Happy December everyone, and welcome to another episode of Saturday with Howard Kline and CRE Radio & TV. It's Episode 9 to be exact. We've taken some time off, so in some ways it feels like Seaso...
Happy December everyone, and welcome to another episode of Saturday with Howard Kline and CRE Radio & TV. It's Episode 9 to be exact. We've taken some time off, so in some ways it feels like Season 2, Episode 1. In today's installment, Howard engages in a lively discussion with M. Rosie Rees and Ruth Schoenmeyer, who are both attorneys with the law firm, Pircher, Nichols & Meeks. The topic is whether internet sales should be included in the percentage rent as provided for in some retail leases.
Percentage rent has been an interesting issue in retail leases. Landlord's sometime see the clause as a way of gaining additional rent if a store is extraordinarily successful. For them, it "right-sizes" the rent to keep it a consistent percentage of the store's volume. This is also beneficial to the landlord in a environment in which there is inflation, without the need for a Consumer Price Index (CPI) adjustment clause in the lease. From a tenant's perspective, percentage rent can be used as a negotiating tool to keep the negotiated rent and rent increases at a level where they feel they can be profitable.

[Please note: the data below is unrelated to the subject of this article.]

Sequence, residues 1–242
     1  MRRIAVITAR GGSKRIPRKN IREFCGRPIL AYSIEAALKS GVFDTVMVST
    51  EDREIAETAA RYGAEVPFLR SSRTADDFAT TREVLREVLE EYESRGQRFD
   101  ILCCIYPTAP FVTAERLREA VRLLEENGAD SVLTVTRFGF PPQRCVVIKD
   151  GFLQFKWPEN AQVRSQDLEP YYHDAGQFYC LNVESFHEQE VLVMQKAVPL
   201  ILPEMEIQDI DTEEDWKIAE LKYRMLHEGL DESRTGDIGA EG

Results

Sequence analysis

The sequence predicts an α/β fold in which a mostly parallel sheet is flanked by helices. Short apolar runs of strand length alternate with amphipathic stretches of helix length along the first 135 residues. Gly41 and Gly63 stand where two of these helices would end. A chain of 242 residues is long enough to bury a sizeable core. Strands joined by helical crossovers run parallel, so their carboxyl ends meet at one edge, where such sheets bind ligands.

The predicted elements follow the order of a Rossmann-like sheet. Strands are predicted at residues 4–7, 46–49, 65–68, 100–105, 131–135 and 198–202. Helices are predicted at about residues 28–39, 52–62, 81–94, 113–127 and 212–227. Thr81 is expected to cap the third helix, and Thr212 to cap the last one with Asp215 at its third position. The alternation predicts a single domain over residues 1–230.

The discussion of what is included and excluded in percentage rent clauses has always been a complex one, and national and regional tenants usually have the upper hand, except perhaps with the largest mall developers. Now, with internet sales becoming an increasingly important part of many retailers' business, this negotiation has taken on an even greater complexity, with Tenants wanting to exclude internet sales and Landlord's wanting them included. It seems as if it is a problem only King Solomon could solve, and there are interesting arguments to be made on both sides of the issue. Watch as this trio hashes out some of the complexities.
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